In an action at the Chinese HQ of Hewlett Packard (HP) in Beijing, two GP volunteers hung a banner reading: "Change + HP = no-toxics is possible".
Greenpeace is calling on HP to eliminate the use of harmful substances in its products.
Two Greenpeace activists, in traditional Chinese costumes, hung a banner reading "Change + HP = no-toxics is possible" in front of the Chinese headquarters of HP.
Despite the fact that Greenpeace has been in dialogue with HP for almost two years and has targeted the company in a series of actions spanning three continents in May 2005, the company has yet to make a commitment on phasing out harmful substances. In a recent press release (1), HP announced its goal to eliminate all brominated-flame retardants (BFRs) from its plastic casings, something that more progressive companies have already achieved several years ago. Brominated flame-retardants are toxic chemicals used to resist high levels of heat and in some cases have been known to be hormone disruptors.
"Greenpeace is calling on HP to stop the greenwash, catch up with the times and genuinely 'Design for Environment'", said ZHAO Yang from Greenpeace China. "Removing all brominated flame-retardants from plastic casings is a small step and leaves HP way behind the rest of the electronics industry. If HP were to eliminate all brominated flame-retardants and PVC from its entire products within a clear and reasonable timeline, it would at least catch up with its competitors. Better still, it could stay ahead of the game and commit to eliminating all hazardous chemicals from its products," he added.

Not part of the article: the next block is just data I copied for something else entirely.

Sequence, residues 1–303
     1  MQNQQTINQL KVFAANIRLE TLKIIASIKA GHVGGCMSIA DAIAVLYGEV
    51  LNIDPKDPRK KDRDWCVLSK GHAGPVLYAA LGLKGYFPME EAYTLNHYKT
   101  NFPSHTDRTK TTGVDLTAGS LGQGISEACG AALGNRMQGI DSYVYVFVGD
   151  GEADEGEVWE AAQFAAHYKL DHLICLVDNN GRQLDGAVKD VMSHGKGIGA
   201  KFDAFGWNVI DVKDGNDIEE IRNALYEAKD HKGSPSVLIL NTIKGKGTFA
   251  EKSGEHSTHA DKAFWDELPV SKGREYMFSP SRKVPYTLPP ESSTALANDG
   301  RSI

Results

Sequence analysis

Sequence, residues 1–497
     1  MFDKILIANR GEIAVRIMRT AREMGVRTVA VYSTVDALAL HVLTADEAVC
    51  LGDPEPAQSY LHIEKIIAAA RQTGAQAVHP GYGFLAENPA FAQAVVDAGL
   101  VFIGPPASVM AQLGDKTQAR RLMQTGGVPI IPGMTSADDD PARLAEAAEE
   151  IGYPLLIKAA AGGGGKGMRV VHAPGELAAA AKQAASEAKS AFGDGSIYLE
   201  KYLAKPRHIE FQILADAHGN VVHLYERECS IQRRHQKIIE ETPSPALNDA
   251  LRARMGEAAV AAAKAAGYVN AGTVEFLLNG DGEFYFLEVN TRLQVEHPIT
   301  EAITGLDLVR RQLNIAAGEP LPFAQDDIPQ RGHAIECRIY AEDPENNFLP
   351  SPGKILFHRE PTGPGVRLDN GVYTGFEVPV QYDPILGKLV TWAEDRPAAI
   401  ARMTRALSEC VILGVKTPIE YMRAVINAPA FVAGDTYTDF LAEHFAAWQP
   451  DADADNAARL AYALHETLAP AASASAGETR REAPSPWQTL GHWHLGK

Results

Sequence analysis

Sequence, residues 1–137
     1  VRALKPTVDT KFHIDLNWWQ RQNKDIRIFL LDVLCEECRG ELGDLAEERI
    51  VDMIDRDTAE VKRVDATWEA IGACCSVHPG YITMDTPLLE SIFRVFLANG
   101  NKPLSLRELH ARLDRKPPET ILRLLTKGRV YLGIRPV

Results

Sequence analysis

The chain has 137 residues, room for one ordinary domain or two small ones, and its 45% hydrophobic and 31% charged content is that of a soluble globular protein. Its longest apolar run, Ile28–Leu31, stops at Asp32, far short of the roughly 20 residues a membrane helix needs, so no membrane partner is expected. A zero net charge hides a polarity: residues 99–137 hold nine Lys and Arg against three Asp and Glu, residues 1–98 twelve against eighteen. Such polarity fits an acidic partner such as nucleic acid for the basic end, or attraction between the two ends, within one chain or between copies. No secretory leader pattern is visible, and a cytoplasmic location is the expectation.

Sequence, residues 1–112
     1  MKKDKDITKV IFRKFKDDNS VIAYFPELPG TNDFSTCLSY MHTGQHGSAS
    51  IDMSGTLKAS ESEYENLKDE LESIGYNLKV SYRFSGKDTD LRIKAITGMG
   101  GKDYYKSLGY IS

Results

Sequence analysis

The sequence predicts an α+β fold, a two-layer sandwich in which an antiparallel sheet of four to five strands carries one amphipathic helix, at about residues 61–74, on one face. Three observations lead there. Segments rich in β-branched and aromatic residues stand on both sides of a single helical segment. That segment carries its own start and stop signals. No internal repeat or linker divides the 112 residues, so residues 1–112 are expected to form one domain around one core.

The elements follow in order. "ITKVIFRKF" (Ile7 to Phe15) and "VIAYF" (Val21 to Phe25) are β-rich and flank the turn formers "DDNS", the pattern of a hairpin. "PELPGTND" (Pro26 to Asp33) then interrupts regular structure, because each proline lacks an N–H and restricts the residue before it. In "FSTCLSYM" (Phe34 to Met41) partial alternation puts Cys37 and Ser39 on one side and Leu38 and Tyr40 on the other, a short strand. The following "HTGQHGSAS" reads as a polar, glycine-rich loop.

In contrast, one of HP's major competitors in Europe and Asia-Pacific, Acer has been much more responsive. After a six-month dialogue with Greenpeace, Acer recently wrote to GP stating that the company is committed to phasing out all toxic chemicals from its products and as a concrete step in this direction, will announce a substitution plan to phase out PVC and all BFRs by the third quarter of 2006.
Companies, including Nokia, Sony, Sony Ericsson, Motorola, LG Electronics and Samsung, have already committed to stop using these harmful substances. Besides HP, other laggards include Apple, Dell, Fujitsu Siemens, IBM, Lenovo, NEC, Panasonic and Toshiba.
ZHAO Yang, Greenpeace China Campaigner, +86 10 65546931-107 WANG Xiaojun, Greenpeace China Media Officer, +86 10 65546931-151
(1) 1st November 2005 at: http://www.hp.com/hpinfo/newsroom/press/2005/051101a.html